Ankle brachial index measurement in primary care: Are we doing it right?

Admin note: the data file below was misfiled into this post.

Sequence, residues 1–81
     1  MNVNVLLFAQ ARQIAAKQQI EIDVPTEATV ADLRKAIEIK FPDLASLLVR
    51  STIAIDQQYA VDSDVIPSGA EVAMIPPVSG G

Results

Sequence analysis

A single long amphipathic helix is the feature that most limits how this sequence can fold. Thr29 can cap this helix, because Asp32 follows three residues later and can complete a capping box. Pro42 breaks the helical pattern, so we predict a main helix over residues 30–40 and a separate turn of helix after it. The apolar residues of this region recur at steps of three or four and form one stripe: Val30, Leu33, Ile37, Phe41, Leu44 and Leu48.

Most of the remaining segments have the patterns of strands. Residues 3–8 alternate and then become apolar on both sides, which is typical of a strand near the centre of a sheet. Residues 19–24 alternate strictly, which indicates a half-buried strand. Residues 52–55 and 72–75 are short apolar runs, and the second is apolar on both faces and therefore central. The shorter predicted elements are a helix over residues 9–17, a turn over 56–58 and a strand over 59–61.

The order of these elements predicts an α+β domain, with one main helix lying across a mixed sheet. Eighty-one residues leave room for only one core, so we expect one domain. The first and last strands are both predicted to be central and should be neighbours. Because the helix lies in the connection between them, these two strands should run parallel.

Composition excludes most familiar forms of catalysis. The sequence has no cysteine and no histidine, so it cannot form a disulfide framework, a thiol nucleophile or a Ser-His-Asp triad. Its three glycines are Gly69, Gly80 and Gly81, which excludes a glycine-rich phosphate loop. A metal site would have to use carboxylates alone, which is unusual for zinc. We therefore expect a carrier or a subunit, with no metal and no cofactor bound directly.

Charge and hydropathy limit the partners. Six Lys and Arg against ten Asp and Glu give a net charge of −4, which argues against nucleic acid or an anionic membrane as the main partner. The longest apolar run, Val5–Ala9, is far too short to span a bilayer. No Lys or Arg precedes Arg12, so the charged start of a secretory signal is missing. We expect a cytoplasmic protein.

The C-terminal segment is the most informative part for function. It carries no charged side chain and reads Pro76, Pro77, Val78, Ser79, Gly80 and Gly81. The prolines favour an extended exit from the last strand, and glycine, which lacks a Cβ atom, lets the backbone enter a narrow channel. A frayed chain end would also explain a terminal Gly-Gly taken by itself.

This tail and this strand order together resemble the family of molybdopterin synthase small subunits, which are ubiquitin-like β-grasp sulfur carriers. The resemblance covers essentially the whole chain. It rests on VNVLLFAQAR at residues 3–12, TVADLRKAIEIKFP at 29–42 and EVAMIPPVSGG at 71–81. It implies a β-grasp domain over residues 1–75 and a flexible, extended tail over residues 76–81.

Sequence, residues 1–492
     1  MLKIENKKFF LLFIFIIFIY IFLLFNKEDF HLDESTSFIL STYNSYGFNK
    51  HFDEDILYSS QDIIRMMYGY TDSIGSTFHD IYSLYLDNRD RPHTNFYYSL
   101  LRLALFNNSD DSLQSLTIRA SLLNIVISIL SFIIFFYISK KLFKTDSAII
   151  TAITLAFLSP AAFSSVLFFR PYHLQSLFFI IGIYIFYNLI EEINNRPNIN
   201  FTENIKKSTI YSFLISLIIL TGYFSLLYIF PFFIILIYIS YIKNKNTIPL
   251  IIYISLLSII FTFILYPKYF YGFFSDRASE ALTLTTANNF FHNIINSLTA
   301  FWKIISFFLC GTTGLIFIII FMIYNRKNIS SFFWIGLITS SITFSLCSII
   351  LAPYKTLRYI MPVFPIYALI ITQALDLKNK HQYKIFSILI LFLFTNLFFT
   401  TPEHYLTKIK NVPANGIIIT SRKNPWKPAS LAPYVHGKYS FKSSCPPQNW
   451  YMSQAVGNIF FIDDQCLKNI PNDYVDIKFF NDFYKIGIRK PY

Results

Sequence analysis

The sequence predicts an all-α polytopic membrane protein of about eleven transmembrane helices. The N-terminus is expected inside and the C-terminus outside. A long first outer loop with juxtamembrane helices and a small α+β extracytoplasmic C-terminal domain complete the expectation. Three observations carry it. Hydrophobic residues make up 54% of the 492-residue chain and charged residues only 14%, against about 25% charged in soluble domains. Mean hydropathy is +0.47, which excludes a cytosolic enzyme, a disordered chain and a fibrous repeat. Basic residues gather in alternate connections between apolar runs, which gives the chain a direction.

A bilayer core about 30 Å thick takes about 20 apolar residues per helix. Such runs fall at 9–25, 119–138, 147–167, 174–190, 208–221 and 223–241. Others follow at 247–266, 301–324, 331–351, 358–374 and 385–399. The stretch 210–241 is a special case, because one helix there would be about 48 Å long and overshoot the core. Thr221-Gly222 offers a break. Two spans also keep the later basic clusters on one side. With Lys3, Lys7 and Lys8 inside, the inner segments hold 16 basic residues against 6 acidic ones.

Background: The reference standard for diagnosing peripheral arterial disease in primary care is the ankle brachial index (ABI). Various methods to measure ankle and brachial blood pressures and to calculate the index are described. Aim: To compare the ABI measurements performed in primary care with those performed in the vascular laboratory. Furthermore, an inventory was made of methods used to determine the ABI in primary care. Design of study: Cross-sectional study. Setting: Primary care practice and outpatient clinic. Method: Consecutive patients suspected of peripheral arterial disease based on ABI assessment in primary care practices were included. The ABI measurements were repeated in the vascular laboratory. Referring GPs were interviewed about method of measurement and calculation of the index. From each patient the leg with the lower ABI was used for analysis. Results: Ninety-nine patients of 45 primary care practices with a mean ABI of 0.80 (standard deviation [SD] = 0.27) were included. The mean ABI as measured in the vascular laboratory was 0.82 (SD = 0.26). A Bland-Altman plot demonstrated great variability between ABI measurements in primary care practice and the vascular laboratory. Both method of blood pressure measurements and method of calculating the ABI differed greatly between primary care practices. Conclusion: This study demonstrates that the ABI is often not correctly determined in primary care practice. This phenomenon seems to be due to inaccurate methods for both blood pressure measurements and calculation of the index. A guideline for determining the ABI with a hand-held Doppler, and a training programme seem necessary.